In my introduction at the beginning of the training I told them the museum in June 2018 removed one of the drawings on the red infographics wall because of criticism from Simone Zeefuik and other people connected to #Decolonizethemuseum on the 'dehumanizing' way in which the Amsterdam Museum portrays enslaved people here. Dirceu brings his Brazilian knowledge and notes that in a remaining drawing of slaves who cut sugar cane, the reed is drawn much too large. He adds with a smile: 'that was how it was, the yields of the sugarcane were more important than the people who worked it'.
And the diorama inspired by the Waterland plantation painting, what does that mean? Why so little explanation? Very useful questions, some of which we have asked ourselves. In any case, asking questions might be better than telling a story, especially if that is too much of a 'single story'. The Golden Age hall is full of portraits of white people, individuals with a face. Black people are icons without faces. Where are their faces and their emotions? Their perspective and voices should be added, advocates the Team Golden Room.
The Map Room team investigated the first room in Amsterdam World-City, a part of the permanent exhibition that opened in 2018. It consist of Amanda Massie, who works at the New York State's Office of Parks, Recreation, and Historic Preservation; Gunjan Joshi, program coordinator of Intangible Cultural Heritage at the Indian National Trust for Art and Cultural Heritage; Juliana da Mata Cunha, who deals with Brazilian and Dutch heritage in the state of Pernambuco, in Brazil; Kaori Akiyama, researcher at the National Museum of Japanese History; and Sergei Balandin, curator at the Victoria Art Gallery in Russia.
In this room too, the team thinks that people and faces are missing. The only real portrait in this room is a white man, the mapmaker Joan Blaeu. Although the maps on the floor depict indigenous people, their function in the room is just like on the maps themselves: decoration. The richness of their culture remains invisible. In the 17th and 18th centuries Dutch maps paved the way to the riches in the rest of the world, but they do not reflect what the conquest and trade meant for the people who lived there. Maps are also about power and the museum could make that more explicit.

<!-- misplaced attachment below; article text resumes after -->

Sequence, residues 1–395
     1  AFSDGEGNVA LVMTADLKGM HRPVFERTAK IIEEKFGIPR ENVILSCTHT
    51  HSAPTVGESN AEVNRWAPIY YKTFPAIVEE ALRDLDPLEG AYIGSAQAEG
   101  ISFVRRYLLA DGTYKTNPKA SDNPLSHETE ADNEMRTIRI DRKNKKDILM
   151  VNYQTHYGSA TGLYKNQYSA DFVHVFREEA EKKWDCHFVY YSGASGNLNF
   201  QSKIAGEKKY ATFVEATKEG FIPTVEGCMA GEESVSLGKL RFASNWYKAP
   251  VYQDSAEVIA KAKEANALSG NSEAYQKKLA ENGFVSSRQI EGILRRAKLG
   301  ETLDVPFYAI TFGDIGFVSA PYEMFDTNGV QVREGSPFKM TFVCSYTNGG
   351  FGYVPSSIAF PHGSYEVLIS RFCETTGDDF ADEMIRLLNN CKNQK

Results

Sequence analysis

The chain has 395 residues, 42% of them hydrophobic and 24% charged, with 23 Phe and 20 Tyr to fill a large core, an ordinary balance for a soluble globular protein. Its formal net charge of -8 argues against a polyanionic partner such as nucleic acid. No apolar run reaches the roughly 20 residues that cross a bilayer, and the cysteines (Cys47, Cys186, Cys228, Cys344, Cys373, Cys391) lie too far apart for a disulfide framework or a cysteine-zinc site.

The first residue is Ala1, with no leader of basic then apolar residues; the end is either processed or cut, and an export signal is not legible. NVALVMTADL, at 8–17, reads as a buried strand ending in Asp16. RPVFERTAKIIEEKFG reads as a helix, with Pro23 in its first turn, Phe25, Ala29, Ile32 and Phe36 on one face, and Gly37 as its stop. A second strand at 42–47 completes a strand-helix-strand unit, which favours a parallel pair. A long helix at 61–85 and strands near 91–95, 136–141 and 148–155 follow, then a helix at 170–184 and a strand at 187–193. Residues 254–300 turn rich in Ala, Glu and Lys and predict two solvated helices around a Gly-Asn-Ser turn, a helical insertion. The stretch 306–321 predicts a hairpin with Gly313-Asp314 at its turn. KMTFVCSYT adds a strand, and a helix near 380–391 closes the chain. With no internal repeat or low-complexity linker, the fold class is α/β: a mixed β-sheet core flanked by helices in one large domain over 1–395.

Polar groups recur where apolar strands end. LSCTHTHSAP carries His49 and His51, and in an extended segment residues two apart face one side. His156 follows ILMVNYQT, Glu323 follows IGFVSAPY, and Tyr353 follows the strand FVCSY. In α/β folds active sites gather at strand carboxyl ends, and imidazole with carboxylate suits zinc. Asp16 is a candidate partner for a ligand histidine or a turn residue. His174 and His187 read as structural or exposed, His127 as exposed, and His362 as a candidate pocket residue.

Their commentary also concerns an issue the World-City team, that created the exhibition, has talked about: where should the enslaved be placed in the moving maps projected on the wall; within the migration maps or within the map about the movements of commodities and the merchandise? They choose for migration. Perhaps the museum should make this kind of dilemma more visible. The addition of more objects, the products of this often unequal trade, information about the way these products came to Amsterdam and who was involved, could make the room richer and above all more human. The audio tour could literally provide greater multivocality.
The team notes, which we also did at the New Narrative meeting about the painting of Plantation Waterland, it is a pity that there is no connection made between the painting and the map of Suriname on the floor or with the names of the slaves, who worked there under duress. ‘Words matter’ - the title of a book with which the trainees became acquainted at the Tropenmuseum. In the title of the room the word settlement is used, for the majority this word has associations with colonization by a foreign ruler.
The Pink Room - the image of Amsterdam
The team of the Pink Room was also very international: Aomi Mochida from Japan is currently residing in the Netherlands working on her thesis about WOII; Femke Veeman, the only Dutch participant, coordinates the education at EYE Film Museum; Liya Chechik is responsible for the Public Programs at the Jewish Museum and Tolerance Center in Moscow; Rizky Fardhyan is working on a World Heritage Nomination in Sawahlunto, Indonesia; and Inez McGregor is working at an archive of the anti-apartheid movement in Johannesburg. They spent a lot of hours between the dyed pink walls of the room and also observed visitors. The conclusion: it is not clear what this room is about. There are three perspectives: marketing (how does Amsterdam sell itself), identity (how does the city see itself), and how do others see the city. These quotes are by very negative people from Rotterdam, not very understandable for foreigners who have no idea of the feud between Amsterdam and Rotterdam. There are various themes such as water, prosperity, power and the canals as world heritage but where is the cohesion? Who is the narrator in this room, whose are the statements on the wall?